Expats Miss Marmite The Most
A poll has revealed the foods people living abroad miss the most from back home – and home-cooked classics and national dishes are nowhere to be seen.
For expats and immigrants, it’s the cupboard fillers and takeaway guilty pleasures they miss the most.
The survey, conducted by London removals and shipping firm Kiwi Movers shows English and Welsh people living abroad miss Marmite the most, followed by Cadbury’s Dairy Milk chocolate, Branston Pickle and Warburtons crumpets – all difficult to get abroad.
Scottish people living away from home were a different case entirely. The iconic Mortons crispy roll, a breakfast favourite that’s extremely hard to come by outside of Scotland, was the most missed item.
Nostalgic Scots living abroad also listed Irn Bru (widely available in England, though not in glass bottles and like gold dust in mainland Europe and North America), square sausages and macaroni pies among the products they longed for.
Tayto brand crisps came top for the Republic and Northern Ireland. Followed by Brennans bread and sausages from Superquinn, an Irish supermarket chain. Barry’s Tea was only the fourth most popular choice, surprising given the Republic of Ireland is the world’s biggest per capita tea drinking nation.
Dr. Greg Moakes, a scientist from Nottingham, England now living in Dallas, Texas said: “I’ve lived in America for more than ten years and I love the food here. I’ve discovered some great stuff that I’d definitely miss if I ever moved away. But sometimes you just want a familiar snack. I go back to the UK once a year and I always make sure I pack a few bits and pieces to take back, normally some chocolate, Marmite and decent teabags.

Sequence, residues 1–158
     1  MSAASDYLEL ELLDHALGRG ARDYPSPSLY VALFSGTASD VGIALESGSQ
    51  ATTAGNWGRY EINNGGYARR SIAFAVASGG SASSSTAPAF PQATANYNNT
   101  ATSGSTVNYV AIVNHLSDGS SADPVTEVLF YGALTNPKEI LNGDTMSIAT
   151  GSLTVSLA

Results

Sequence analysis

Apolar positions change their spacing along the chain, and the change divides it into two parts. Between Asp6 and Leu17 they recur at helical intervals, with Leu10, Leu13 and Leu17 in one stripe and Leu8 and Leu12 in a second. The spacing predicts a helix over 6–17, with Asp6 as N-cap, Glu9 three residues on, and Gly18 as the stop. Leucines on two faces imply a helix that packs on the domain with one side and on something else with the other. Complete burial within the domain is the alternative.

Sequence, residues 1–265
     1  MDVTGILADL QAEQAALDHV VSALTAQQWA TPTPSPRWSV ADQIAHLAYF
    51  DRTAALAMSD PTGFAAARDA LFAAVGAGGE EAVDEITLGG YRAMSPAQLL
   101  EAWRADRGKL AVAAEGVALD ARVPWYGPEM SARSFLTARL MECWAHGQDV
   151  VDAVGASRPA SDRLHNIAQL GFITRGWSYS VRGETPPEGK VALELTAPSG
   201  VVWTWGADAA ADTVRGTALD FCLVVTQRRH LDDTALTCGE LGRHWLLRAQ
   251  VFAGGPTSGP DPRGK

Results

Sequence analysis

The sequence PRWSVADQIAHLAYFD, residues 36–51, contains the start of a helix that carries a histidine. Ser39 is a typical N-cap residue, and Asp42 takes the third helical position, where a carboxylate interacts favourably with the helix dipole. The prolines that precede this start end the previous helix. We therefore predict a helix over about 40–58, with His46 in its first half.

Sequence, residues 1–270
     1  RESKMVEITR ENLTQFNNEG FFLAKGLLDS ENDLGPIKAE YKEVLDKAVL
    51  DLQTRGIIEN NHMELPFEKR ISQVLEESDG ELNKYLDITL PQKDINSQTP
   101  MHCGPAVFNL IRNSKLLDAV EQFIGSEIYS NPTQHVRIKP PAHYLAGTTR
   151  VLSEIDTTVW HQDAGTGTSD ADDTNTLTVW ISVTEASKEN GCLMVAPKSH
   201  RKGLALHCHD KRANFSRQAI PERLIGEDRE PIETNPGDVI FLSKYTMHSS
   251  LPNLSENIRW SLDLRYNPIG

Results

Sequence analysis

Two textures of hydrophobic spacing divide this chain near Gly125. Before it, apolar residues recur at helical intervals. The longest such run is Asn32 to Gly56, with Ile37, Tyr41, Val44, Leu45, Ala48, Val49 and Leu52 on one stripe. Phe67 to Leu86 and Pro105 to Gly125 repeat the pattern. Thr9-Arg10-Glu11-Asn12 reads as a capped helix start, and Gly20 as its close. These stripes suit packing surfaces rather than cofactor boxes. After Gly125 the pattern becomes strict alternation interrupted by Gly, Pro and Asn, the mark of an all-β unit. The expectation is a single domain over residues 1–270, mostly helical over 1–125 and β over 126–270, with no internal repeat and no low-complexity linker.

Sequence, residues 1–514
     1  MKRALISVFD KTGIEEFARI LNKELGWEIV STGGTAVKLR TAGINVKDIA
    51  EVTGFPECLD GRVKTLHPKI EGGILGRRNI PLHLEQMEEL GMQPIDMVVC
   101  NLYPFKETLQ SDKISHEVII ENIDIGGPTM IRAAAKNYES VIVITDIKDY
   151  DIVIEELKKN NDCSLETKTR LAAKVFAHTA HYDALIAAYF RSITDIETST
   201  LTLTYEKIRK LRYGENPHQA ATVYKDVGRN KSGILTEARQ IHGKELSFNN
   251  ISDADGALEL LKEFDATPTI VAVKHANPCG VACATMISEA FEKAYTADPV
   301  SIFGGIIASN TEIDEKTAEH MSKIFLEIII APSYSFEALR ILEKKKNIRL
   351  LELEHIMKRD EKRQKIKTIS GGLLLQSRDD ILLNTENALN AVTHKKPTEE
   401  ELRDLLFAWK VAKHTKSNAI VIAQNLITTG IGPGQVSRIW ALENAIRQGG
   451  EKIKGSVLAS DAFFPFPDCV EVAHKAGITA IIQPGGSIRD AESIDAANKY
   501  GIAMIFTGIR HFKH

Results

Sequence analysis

“I’ve tried explaining Marmite to Americans, but when you start talking about yeast extract you can tell they think it sounds disgusting, which it does to be fair. You’ve got to taste it I suppose.
“You can get British imports over here but it’s hard to find Marmite in particular – probably because they’ve only got half of the British expat market to sell to given its reputation – and it’s so expensive.”
Americans. Twinkies, rare in the UK, were America’s most missed treat. Followed by Lucky Charms cereal, once readily available in the UK but now an expensive import costing upwards of £5 per box. S’mores and Old Bay seasoning followed.
Canadians. Poutine – a Canadian speciality consisting of french fries, gravy and cheese curds – got the biggest national reaction. More than half of the Canadians who participated in the study said that was the food they missed the most. ‘Proper’ maple syrup came second to poutine, with the Citadelle brand most cited. Ketchup-flavoured crisps and hickory sticks provoked nostalgia.
Australians & New Zealanders. Arnott’s Shapes, an iconic savoury cracker-based snack was the top choice for both Australians and Kiwis living abroad.
South Africans. Perhaps the oddest food on the list was the buttermilk rusk, popular in South Africa but very tricky to get in the UK, where more than 220,000 South Africans currently live. South Africans also listed Ceres Juice, a South African brand of fruit juice, baked maize snack Willards Flings and Mrs. Balls Chutney.